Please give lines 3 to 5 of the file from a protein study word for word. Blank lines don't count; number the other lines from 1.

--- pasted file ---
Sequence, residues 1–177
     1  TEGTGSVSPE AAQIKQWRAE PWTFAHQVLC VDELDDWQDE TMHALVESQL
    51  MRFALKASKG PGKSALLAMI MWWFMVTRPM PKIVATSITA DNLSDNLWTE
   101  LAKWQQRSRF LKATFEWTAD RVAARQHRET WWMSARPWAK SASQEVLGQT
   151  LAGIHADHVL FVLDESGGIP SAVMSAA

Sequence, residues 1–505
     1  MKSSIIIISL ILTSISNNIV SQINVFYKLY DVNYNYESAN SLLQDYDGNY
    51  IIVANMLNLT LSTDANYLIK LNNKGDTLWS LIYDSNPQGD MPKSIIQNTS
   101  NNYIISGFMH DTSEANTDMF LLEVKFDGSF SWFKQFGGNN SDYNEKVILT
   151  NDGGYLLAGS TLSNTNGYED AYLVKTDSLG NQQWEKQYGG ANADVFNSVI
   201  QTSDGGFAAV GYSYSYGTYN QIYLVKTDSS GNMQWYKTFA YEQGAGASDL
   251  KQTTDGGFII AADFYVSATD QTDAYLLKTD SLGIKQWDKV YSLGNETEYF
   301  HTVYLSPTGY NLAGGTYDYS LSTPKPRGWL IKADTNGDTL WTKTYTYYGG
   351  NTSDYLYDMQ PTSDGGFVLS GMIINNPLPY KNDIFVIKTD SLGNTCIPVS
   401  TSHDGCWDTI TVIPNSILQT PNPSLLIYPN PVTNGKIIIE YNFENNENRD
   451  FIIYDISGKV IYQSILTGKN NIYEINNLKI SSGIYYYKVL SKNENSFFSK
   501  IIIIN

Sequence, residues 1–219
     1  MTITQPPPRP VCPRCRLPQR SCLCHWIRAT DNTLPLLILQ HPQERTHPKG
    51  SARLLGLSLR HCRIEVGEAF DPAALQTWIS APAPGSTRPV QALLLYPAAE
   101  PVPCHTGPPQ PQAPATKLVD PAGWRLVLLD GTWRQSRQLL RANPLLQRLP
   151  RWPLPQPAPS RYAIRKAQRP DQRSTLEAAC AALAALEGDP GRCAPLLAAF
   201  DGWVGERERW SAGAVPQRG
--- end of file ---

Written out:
    51  MRFALKASKG PGKSALLAMI MWWFMVTRPM PKIVATSITA DNLSDNLWTE
   101  LAKWQQRSRF LKATFEWTAD RVAARQHRET WWMSARPWAK SASQEVLGQT
   151  LAGIHADHVL FVLDESGGIP SAVMSAA